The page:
PUBLISHED IN THE PG CITIZEN ON SEPTEMBER 3, 2013
With great satisfaction I read the article of Ann English, the CEO of the Association of Professional Engineers and Geoscientists of B.C. Finally our largest Technology Association is acknowledging that it is time to educate engineers in the North for the North for the benefit of all of B.C. The association of Technologists and Technicians of B.C. (ASTTBC) has supported the education of technologists in the North already earlier.
Yes, it is good news to have two Master of Engineering programs established in Prince George and so, will attract graduated engineers to our city. The Wood Innovation and Design Centre will house these programs and be an extension of UNBC. To feed the new programs and to satisfy the tremendous demand for technologists and engineers, the respective undergraduate programs have to be implemented locally. At the same time a technology program at the colleges should be reinstated.
There is tremendous interest in technology of students in our schools, and we have to provide the education that is in such a high demand. The gap between demand and supply is growing daily, while at the same time economic opportunities cannot be harvested due to the steadily increasing skills gap. I know, all of this is not new, but worthwhile to be pointed out over and over again.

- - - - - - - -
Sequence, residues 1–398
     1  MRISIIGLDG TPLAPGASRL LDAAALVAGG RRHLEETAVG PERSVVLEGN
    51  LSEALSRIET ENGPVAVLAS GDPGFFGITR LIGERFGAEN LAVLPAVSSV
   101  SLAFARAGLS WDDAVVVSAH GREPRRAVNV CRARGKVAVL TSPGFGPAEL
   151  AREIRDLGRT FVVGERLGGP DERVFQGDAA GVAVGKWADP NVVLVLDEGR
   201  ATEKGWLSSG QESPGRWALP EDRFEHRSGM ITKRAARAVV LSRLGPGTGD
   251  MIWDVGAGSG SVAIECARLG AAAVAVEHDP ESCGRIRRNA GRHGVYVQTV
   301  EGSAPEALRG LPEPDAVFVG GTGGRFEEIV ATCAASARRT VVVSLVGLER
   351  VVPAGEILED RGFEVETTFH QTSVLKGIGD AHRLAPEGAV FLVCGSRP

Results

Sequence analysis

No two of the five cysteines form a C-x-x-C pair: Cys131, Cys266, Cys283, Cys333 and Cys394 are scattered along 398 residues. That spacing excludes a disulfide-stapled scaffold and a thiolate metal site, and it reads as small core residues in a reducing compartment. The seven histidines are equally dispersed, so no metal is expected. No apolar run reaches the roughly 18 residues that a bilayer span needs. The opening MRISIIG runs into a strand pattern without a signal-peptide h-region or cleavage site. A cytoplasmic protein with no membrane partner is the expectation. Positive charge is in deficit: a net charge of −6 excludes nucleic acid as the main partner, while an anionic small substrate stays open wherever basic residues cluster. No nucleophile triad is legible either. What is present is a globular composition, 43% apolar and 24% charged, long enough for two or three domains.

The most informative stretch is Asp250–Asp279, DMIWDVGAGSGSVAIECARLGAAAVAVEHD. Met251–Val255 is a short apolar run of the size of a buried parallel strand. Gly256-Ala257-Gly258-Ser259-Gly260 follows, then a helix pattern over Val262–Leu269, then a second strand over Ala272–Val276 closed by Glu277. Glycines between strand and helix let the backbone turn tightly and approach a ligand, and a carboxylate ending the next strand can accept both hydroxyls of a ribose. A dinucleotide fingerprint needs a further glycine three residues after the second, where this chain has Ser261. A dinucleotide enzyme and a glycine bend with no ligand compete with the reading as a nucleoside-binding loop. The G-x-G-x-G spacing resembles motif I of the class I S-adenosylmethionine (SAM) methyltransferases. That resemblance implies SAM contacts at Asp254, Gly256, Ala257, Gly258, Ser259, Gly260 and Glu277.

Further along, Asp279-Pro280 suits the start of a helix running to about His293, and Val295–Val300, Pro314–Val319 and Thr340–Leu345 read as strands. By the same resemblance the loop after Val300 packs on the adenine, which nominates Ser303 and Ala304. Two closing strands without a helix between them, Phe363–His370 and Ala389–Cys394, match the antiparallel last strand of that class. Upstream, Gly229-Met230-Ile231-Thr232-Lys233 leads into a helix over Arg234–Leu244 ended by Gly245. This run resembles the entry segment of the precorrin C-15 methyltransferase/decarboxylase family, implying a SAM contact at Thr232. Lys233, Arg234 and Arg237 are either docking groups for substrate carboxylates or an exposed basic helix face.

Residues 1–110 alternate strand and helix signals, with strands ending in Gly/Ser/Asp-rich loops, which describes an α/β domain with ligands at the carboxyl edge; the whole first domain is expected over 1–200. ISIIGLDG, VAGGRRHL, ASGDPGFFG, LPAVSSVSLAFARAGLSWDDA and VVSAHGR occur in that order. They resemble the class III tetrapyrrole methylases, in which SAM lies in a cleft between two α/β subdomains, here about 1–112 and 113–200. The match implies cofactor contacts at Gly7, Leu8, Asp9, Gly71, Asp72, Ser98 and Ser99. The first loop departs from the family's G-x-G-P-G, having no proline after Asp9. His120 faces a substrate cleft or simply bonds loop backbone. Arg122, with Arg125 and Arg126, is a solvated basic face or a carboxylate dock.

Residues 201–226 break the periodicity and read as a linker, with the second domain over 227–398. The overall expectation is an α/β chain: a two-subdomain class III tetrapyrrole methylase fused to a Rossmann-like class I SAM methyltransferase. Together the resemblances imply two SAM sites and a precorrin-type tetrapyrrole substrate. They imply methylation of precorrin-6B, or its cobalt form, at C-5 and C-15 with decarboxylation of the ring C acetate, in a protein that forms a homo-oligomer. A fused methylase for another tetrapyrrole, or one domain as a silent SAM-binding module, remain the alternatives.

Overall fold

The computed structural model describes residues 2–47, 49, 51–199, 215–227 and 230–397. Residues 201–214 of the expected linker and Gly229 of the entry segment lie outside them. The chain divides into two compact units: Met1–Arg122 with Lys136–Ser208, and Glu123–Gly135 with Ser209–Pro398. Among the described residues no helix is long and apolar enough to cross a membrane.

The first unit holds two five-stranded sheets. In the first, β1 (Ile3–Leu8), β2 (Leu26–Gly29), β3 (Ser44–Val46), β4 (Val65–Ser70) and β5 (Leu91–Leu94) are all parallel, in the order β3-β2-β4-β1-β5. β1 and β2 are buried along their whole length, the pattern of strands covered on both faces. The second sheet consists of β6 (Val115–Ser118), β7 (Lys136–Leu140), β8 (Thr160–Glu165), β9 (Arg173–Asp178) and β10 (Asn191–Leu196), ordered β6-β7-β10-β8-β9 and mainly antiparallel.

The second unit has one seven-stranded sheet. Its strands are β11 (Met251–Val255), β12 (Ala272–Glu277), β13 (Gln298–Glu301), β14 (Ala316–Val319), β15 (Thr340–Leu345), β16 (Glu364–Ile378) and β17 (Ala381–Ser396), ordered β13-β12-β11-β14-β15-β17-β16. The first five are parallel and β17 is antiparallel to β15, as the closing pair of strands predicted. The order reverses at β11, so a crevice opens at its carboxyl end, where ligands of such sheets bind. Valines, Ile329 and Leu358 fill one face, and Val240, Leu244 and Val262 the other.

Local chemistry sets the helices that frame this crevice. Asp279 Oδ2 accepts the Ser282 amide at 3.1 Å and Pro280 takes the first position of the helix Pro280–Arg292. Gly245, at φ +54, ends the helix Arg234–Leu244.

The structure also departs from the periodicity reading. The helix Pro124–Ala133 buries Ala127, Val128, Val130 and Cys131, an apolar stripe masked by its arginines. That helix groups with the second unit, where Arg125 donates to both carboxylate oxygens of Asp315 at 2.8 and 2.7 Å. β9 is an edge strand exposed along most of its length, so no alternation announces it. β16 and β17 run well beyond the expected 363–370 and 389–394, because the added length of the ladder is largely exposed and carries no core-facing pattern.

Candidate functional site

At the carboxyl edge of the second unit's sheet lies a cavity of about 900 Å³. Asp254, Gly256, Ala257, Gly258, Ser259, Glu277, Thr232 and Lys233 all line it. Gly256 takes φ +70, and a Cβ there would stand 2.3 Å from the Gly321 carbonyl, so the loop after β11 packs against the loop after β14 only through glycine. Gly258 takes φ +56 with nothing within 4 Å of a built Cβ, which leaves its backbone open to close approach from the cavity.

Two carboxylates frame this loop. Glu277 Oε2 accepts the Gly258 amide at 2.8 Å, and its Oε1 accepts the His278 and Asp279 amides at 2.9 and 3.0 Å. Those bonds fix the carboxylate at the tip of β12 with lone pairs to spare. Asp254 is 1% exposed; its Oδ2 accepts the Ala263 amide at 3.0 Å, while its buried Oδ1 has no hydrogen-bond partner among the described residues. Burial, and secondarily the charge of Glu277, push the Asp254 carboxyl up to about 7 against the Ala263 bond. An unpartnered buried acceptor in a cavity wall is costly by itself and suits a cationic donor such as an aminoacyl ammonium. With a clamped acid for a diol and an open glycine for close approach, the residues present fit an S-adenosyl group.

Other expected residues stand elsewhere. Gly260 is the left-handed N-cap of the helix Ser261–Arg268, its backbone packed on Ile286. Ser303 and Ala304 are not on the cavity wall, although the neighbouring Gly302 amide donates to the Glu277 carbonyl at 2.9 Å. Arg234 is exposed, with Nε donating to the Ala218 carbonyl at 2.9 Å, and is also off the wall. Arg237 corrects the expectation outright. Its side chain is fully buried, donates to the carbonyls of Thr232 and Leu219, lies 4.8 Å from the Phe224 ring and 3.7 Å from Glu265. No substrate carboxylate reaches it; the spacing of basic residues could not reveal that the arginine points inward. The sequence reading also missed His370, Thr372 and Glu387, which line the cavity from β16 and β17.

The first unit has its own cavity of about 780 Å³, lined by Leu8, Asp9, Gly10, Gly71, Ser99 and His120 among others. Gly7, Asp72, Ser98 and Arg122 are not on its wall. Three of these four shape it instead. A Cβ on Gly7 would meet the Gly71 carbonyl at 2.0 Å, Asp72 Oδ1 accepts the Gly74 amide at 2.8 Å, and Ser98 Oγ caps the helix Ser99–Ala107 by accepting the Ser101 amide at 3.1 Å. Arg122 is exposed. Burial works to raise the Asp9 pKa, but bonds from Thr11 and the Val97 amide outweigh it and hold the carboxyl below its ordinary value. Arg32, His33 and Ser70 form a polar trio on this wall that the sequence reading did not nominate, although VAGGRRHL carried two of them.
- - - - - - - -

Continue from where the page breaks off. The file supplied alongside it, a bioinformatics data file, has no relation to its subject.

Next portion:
The Northern Technology & Engineering Society of B.C. (NTES) – with now close to 250 members – has concluded a special educational and awareness program consisting of school visits in north central B.C. to educate teachers and more importantly students about the job opportunities in our northern economy, focusing on technology. A consultant had been hired and with the assistance of local engineers and technologists the school visits took place over a period of several months. One can consider this feeding the pump, because we all are expecting that the required educational programs will be implemented in the near future.
We seriously have to concentrate on diversification and innovation of our industry, although one can argue that the Prince George economy is fairly diversified. This, however, is certainly not the case in other and smaller communities of B.C. We have to be able to add more value to our resources and soften the economic up and down cycles.
President, Northern Technology & Engineering Society of B.C.